Analytical techniques and solutions for linear elastic solids
In the preceding chapter, we solved some simple linear elastic boundary value problems. The problems were trivial, however, in that the stress, strain and displacement fields were axially or spherically symmetric. Most problems of practical interest involve fully 3D stress and displamement fields.
It is extremely difficult to solve general boundary value problems. However, some of the best mathematicians over the past 200 years have turned their attention to this matter, and have developed several very elegant techniques. None of these are completely general, but solutions derived using these techniques have provided invaluable insight into the behavior of deformable solids.
Sadly, these days any fool with a PC and a finite element package can solve virtually any linear elastic boundary value problem, so you will not be able to make a living calculating exact elasticity solutions. Nevertheless, some exact solutions are of fundamental practical importance. Examples include contact problems, solutions for cracks, stress concentrations, thermal stress problems, and problems involving defects such as dislocations in solids. It is worth seeing how such solutions were derived.
In addition, there are some very powerful theorems in linear elasticity (such as the principle of minimum potential energy, and the reciprocal theorem), which can be used to directly calculate quantities of interest without necessarily having to solve all the governing equations directly.
In this chapter, we present a very brief survey of the field of linear elasticity. Specifically,
1. We will outline some important general features of solutions to boundary and initial value problems;
2. We will discuss some solution techniques and present solutions to selected boundary value problems of interest;
3. We will discuss energy methods for solving problems involving linear elastic solids, including the principle of minimum potential energy, the reciprocal theorem, and the Rayleigh-Ritz method for estimating natural frequencies of vibrating elastic solids.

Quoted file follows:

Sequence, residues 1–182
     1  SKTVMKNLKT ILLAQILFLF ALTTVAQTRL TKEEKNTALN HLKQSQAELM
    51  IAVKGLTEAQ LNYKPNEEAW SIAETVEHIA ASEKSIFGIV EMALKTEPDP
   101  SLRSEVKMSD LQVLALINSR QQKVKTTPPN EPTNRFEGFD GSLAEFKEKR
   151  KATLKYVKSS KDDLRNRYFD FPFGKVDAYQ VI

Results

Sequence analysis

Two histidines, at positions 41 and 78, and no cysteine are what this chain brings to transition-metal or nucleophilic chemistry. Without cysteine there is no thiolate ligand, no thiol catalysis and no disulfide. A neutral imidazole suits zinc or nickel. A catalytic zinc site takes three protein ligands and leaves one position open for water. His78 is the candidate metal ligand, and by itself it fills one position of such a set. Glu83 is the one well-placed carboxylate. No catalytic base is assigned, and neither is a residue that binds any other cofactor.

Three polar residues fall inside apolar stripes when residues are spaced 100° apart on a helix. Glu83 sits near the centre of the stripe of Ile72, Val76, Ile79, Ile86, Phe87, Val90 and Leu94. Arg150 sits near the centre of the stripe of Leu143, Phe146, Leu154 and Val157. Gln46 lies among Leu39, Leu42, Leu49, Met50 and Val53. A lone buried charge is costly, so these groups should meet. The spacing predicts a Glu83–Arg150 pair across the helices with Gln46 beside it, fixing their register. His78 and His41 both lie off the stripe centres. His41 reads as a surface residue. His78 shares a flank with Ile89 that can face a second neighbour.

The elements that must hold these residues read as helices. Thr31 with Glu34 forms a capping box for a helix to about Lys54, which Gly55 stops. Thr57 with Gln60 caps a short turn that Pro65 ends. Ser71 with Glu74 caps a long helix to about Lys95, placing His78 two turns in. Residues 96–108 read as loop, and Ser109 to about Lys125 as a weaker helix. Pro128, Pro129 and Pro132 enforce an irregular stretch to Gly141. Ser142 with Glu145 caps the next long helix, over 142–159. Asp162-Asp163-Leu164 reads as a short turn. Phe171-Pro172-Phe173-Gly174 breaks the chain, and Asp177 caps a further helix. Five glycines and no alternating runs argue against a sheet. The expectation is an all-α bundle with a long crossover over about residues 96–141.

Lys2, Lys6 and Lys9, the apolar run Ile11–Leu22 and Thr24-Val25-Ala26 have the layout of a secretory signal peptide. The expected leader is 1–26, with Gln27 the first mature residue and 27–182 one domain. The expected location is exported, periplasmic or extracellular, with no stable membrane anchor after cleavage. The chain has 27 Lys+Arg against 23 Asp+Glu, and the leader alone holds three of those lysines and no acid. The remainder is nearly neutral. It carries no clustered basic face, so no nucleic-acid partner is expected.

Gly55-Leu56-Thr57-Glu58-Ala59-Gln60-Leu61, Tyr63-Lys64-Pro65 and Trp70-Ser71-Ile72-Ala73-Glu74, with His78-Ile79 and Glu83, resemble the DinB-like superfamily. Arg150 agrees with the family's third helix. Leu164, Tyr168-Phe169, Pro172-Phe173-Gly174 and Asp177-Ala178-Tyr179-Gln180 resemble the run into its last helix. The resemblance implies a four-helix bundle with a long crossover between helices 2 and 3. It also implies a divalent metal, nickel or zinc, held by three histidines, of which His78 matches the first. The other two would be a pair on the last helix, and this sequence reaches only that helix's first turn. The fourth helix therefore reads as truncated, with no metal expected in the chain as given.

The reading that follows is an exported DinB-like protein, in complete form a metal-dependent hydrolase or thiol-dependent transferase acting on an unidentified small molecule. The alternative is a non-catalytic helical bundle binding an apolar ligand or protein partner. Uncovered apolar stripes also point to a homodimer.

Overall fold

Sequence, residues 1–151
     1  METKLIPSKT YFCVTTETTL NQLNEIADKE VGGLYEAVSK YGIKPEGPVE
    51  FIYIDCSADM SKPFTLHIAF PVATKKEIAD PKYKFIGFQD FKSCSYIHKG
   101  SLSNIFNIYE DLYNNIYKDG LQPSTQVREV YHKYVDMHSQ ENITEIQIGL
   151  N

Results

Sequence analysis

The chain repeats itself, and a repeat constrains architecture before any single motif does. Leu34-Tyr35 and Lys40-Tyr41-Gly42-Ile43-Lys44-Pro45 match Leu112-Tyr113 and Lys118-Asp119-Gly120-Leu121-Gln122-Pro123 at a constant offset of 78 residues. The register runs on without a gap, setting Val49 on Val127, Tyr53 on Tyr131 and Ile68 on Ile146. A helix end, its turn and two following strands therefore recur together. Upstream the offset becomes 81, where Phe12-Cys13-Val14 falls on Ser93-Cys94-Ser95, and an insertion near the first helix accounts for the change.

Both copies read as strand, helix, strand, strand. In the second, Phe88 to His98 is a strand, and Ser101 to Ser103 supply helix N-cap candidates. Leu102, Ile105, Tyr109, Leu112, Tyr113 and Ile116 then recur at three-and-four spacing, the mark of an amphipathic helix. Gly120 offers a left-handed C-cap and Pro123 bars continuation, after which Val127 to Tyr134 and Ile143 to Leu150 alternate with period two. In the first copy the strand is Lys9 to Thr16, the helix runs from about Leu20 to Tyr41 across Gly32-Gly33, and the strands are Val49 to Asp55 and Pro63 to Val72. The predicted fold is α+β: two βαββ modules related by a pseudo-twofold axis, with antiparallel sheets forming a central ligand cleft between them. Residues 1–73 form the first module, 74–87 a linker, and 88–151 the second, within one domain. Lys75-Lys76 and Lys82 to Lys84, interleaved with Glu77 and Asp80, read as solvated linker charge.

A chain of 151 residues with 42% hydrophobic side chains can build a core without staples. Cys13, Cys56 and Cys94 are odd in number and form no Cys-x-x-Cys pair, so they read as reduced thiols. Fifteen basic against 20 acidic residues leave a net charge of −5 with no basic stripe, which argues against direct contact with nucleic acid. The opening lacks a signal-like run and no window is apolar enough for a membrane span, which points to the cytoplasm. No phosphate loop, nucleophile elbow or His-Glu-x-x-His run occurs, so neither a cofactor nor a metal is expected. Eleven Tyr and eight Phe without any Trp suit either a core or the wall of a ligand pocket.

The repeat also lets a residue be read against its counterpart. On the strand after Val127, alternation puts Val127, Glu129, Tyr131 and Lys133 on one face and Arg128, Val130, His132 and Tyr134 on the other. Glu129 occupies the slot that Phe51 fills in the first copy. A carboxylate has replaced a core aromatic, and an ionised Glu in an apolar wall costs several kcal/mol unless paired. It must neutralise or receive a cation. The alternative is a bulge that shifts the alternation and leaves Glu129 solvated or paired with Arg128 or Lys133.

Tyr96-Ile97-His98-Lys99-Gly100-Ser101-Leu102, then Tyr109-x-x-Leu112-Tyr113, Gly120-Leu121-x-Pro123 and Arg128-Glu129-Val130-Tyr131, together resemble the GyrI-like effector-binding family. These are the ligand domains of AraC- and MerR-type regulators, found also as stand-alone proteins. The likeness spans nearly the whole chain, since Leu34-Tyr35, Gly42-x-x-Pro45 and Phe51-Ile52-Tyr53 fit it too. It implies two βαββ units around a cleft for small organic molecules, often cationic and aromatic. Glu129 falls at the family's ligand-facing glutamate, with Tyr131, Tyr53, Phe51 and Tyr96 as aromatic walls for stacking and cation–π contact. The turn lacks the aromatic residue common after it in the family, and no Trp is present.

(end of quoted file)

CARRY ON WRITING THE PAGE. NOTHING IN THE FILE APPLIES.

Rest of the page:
5.1 General Principles
Static problems. We already listed the governing equations of linear elasticity in our discussion of simple axisymmetric problems. They are repeated here for convenience.
1. The shape of the solid in its unloaded condition
2. The initial stress field in the solid (we will take this to be zero)
3. The elastic constants for the solid and its mass density
4. The thermal expansion coefficients for the solid, and temperature change from the initial configuration
5. A body force distribution (per unit mass) acting on the solid
6. Boundary conditions, specifying displacements on a portion or tractions on a portion of the boundary of R
Calculate displacements, strains and stresses satisfying the governing equations of linear elastostatics
Dynamic problems Dynamic problems are essentially identical, except that the boundary conditions must be specified as functions of time, and the initial displacement and velocity field must be specified. In this case the governing equations are
The governing equations can be simplified by eliminating stress and strain from the governing equations, and solving directly for the displacements. In this case the linear momentum balance equation (in terms of displacement) reduces to
For the special case of an isotropic solid with shear modulus and Poisson ratio and uniform temperature this equation reduces to
These are known as the Navier (or Cauchy-Navier) equations of elasticity.
The boundary conditions remain as given in the preceding section.
The governing equations of elasticity are linear. This has two important consequences:
1. The stresses, strains and displacements in a solid are directly proportional to the loads (or displacements) applied to the solid.
2. If you can find two sets of displacements, strains and stresses that satisfy the governing equations, you can add them to create more solutions.
These principles can be illustrated clearly using some of the simple solutions derived in Section 4.1. For example, examine the solution to the pressurized sphere (Sect 4.1.4). As an example, the radial stress induced by pressure on the interior, and zero pressure on the exterior surface is
The radial stress induced by pressure on the exterior surface, with zero pressure on the interior surface is
Note that in both cases the stress is directly proportional to the pressure. In addition, to find the radial stress by combined pressures on the interior and on the exterior surface, you can just add these two solutions.